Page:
As we took communion a short time later, thoughts of resurrection life lingered. Mrs. Barbara was beaming under her hat, holding her communion cup steady. Her duties to the Lord's table complete, she looked peaceful and well-satisfied, perhaps because of the added effort it took this time around. It's the contentment that comes with loving acts of service.

When Jesus humbled himself to become flesh, he was donning burial clothes. The flesh and blood he took upon himself to identify with us, are the same burial clothes we now put on to commune with Him. We drink and we bite down and we die. And He breaks the hold of death to live the resurrection life. It's lavish and extravagant. Jesus, too, commits a last act of service to declare his love. In the face of death. And I remember the desperation to serve my brother with a last loving service.

I feel compelled to live my resurrection life with this same desperation for my Lord. I pray it be reckless abandon in the face of death from this moment on. And lavish, like Jesus's. I offer myself a dead but living sacrifice on the alter, a spiritual service that the writer of Romans deems an act of worship. I learn that love, at its core, demonstrates itself as service, obedience. It is not obligation. It is love. Desperate and extravagant, it is love that will not be denied.

Photo Credit: my son, Adrian

Saturday, July 24, 2010

Indulging In Breaking My Word

What do you do when the summer gets by you without a little getaway?

When there are no vacation plans in the near future?

When school shopping looms large and summer bible studies wind down?

When it's hot and you've done all the hiding in the AC you can do?

Answer: You make a mad dash for the coast, even if it's only for 24 hours.

You pack your kids and your dog.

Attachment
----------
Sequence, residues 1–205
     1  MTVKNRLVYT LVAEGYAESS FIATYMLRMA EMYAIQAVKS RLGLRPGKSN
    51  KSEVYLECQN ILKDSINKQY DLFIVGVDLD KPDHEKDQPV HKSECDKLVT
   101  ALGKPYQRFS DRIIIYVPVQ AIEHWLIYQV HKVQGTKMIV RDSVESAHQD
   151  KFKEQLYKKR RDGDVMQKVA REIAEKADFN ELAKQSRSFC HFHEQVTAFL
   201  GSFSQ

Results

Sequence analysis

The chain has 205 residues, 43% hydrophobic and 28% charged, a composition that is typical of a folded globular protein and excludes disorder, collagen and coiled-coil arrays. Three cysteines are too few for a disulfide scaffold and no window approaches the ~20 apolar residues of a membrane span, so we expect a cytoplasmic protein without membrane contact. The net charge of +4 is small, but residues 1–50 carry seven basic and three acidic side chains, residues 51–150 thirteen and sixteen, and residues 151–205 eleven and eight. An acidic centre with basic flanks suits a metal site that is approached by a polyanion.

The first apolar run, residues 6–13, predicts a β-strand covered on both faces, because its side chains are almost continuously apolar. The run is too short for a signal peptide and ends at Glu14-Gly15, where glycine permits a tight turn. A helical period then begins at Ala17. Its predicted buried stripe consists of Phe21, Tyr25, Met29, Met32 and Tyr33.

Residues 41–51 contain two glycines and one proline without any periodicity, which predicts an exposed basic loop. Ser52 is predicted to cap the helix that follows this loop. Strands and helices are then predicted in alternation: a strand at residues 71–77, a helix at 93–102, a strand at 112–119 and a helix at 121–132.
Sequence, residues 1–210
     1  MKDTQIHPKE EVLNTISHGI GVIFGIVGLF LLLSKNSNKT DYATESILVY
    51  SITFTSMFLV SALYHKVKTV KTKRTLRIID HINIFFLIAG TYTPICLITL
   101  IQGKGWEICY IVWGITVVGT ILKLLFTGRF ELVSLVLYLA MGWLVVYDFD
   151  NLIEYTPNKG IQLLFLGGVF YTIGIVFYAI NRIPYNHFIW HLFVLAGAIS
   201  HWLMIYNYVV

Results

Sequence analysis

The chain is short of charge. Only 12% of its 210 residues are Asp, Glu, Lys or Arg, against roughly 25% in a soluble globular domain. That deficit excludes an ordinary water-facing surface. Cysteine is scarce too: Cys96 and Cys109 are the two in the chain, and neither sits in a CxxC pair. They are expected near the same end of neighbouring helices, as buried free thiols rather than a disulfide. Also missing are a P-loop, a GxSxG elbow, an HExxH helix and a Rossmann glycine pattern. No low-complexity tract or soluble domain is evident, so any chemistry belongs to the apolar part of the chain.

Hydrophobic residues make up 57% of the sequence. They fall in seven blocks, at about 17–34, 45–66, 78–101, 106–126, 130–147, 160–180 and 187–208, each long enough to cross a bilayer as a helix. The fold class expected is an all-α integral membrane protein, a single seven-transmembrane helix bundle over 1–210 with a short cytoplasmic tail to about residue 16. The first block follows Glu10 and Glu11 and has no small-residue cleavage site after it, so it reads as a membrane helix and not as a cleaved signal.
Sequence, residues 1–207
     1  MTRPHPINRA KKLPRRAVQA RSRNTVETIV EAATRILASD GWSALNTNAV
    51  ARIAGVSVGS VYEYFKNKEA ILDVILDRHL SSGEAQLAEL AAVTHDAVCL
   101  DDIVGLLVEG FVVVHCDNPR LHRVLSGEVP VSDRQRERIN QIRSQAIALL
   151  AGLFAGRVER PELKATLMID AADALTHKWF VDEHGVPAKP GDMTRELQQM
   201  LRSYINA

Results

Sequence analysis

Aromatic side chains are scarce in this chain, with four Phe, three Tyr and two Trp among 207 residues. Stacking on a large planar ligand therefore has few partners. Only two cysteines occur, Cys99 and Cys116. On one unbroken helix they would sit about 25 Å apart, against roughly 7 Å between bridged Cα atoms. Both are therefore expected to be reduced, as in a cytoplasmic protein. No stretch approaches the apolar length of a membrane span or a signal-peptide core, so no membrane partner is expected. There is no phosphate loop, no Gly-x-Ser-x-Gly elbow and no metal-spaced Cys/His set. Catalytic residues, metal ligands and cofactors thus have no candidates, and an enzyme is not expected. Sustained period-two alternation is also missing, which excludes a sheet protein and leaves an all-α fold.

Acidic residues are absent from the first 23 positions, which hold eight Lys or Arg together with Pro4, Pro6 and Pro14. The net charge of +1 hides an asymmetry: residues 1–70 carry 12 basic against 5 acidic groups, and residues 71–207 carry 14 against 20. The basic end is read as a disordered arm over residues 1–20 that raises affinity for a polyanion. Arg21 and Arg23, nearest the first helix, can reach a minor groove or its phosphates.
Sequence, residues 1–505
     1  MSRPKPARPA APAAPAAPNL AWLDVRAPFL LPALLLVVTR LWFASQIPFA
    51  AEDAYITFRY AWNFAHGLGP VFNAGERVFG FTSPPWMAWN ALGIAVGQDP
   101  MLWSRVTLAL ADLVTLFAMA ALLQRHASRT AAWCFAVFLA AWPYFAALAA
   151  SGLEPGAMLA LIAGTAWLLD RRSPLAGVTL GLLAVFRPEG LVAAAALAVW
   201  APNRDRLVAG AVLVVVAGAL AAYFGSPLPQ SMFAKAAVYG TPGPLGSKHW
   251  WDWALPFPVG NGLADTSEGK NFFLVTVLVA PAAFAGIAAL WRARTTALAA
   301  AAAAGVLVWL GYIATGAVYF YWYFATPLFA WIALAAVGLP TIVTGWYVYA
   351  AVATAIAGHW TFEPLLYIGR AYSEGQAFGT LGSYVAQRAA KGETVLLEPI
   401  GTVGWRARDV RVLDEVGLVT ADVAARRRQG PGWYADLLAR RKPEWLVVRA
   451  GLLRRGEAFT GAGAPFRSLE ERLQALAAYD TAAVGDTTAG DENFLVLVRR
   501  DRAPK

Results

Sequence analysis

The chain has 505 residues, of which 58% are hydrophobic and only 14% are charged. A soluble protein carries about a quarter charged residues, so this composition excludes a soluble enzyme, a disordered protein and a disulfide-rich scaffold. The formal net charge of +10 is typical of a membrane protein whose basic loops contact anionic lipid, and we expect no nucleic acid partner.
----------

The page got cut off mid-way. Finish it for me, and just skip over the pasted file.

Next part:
You're not deterred by a blow-out and discover defective tires and have to replace all four and a dead battery, too.

You get there just in time to enjoy a sandy sunset and smell the salt.

You make marvelous memories. You pass the camera around and get creative.

When you return, your daughter creates a sweet video to capture your flight. And she doesn't want you to post it yet because she wants it on her blog instead, but you can't help yourself.

Because you love it all. The beach. The beauty. The breeze. The blessings.


Myrtle Beach Getaway from Dawn Gonzalez on Vimeo.

Maybe you could encourage Reagan to forgive me when you visit her place to get her take on it.

mamma goodness thinks (dot) blogspot (dot) com

Tuesday, July 20, 2010

"Summer Fun"

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Photo Friday - "Summer Fun"
Blueberries picked by a friend and lovingly given to ME -- ME! I can't wait to cook them up for cheesecake topping. Nothing says summer like blueberries. Thanks, Valerie -- I'll bring you a piece of cheesecake!

Monday, July 19, 2010

Up Close

Sometimes life is better viewed from a distant perspective. Putting things in context brings meaning, shapes the atmosphere.

Lately I've been more interested in the close up - the unexpected beauty created by details that often goes unnoticed.

The shadow one casts just from simply being there, still, constant, beautiful is a silhouette of grace.


The one that supports and holds things up is a quiet strength that's as beautiful as what's really on display.


The instrument is a beautiful work of art in itself, but then it is touched by fingers that breathe life, and a whole new masterpiece is created.



May life be beautiful in the mundane, the practical and the obvious. In every place we look to find it and in those places we miss.

From His fullness we have all received, and grace upon grace. ~John 1:16

This week's counted graces include:

135 ~ self inflicted French manicure (not too shabby after much practice)
136 ~ impromptu overnight company
137 ~ family movie night, including the dog
138 ~ slipping into fresh, clean sheets
139 ~ birdsong symphony to wake up to
140 ~ haircuts
141 ~ that what I call interruptions to my plans God calls His will
142 ~ the blessing of lifelong friendship, even if it has always been long distance
143 ~ audiobooks